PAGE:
Most criminal cases – no matter how small or how large – involve the testimony of at least one witness. Witnesses are invaluable to the courts because they provide information that is pertinent to determining the guilt or innocence of the defendant. Both the prosecution and the defense are allowed to call witnesses to share their information with the courts.
There are several different types of witnesses in criminal law.
A character witness provides information related to the moral character of the defendant. Although he or she may have absolutely no knowledge of the alleged crime, it is important for the jury to be informed about the defendant’s personality and mannerisms. Character witnesses are most often employed by the defense when trying to demonstrate a precedent for innocence.
Eyewitnesses are people who have direct, firsthand knowledge of the crime. They either saw or heard it happen, and are present in court to give their version of events. Over the years, eyewitness testimony has been discredited by both the prosecution and defense as unsound, but they are still permissible.
The third type of witness is an expert witness, who usually has no knowledge of the defendant or of the crime committed. An expert witness gives testimony based on his or her extensive knowledge of a particular subject. For example, if the defense in a murder trial is claiming “not guilty by reason of mental disease or defect”, they might call a psychologist to the stand to explain why an insanity defense is applicable in their case.
In a criminal case, both the prosecution and defendant can call upon witnesses, all of whom will be issued a subpoena to appear in court on the day of the trial. Should a witness fail to appear in court, he or she will usually be held in contempt of court and the judge will issue a bench warrant for his or her arrest.
Before the trial, the defense and the prosecution have the right to prepare their witnesses for trial. They will go over each question that will be asked, and advised on their responses. However, if a witness does not wish to be “prepped” for trial, he or she has the right to say, “no” and to make no statements before court.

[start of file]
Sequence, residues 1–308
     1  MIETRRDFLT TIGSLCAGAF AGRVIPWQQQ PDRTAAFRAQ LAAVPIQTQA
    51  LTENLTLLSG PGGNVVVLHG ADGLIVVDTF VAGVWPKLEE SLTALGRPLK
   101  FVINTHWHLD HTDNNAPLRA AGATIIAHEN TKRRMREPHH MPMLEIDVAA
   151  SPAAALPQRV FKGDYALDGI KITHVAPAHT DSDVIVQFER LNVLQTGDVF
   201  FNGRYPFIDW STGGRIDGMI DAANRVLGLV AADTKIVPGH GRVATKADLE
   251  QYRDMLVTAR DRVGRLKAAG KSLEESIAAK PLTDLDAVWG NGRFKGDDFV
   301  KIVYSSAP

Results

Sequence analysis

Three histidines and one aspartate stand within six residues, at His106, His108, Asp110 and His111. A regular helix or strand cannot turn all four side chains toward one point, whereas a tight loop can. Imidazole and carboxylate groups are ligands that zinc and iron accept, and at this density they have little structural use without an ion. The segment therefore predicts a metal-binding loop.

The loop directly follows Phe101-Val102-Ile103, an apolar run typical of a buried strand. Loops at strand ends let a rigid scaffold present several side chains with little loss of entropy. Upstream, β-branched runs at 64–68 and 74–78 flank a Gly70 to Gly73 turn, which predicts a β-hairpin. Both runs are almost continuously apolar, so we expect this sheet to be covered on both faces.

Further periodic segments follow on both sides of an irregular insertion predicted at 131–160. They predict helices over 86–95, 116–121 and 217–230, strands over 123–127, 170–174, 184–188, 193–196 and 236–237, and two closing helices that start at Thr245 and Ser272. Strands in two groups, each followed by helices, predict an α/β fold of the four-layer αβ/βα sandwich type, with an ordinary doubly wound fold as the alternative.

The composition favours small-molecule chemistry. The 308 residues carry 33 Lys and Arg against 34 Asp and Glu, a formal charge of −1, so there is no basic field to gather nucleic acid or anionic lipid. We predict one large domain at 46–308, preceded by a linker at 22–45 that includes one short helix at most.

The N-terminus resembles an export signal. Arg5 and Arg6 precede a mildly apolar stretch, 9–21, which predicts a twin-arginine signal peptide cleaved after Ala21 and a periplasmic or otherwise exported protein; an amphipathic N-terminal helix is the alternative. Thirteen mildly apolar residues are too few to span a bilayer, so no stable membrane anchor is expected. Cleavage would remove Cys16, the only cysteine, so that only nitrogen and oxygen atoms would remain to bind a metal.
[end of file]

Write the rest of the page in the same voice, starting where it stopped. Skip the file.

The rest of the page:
Witnesses are called one at a time during a criminal trial, are sworn in by the bailiff, and are asked questions by both the defense and the prosecution. The prosecution calls their witnesses first, and when they are through asking questions of each witness, the defense has an opportunity to cross-examine. When all of the prosecution witnesses have been called, the court proceeds to the defense witnesses.
Under the U.S. Constitution, defendants in a criminal trial have the legal right to face their accuser(s). This means that in order for witness testimony to be heard by the jury, witnesses must testify in front of the defendant. Often, this raises serious issues with witnesses because no one wants to sit in front of their attacker or the attacker of a loved one, especially in the case of children. However, even children are required to testify in front of the defendant.
In some trials, the defendant will be called as a witness, though this is the choice of the defense. The prosecution does not have the right to call the defendant without his or her permission, and in most cases, a defense attorney will not allow the defendant to testify. First, the defendant has rights against self-incrimination; further, the defense risks the jurors’ sympathy by placing the defendant on the stand.
The only person who is not allowed to be called as a witness is the defendants’ spouse. Spousal privilege under criminal law prevents a wife or husband from incriminating his or her spouse in a criminal trial. The only time that a spouse will be called as a witness is when the testimony is immaterial to the defendant’s guilt or innocence.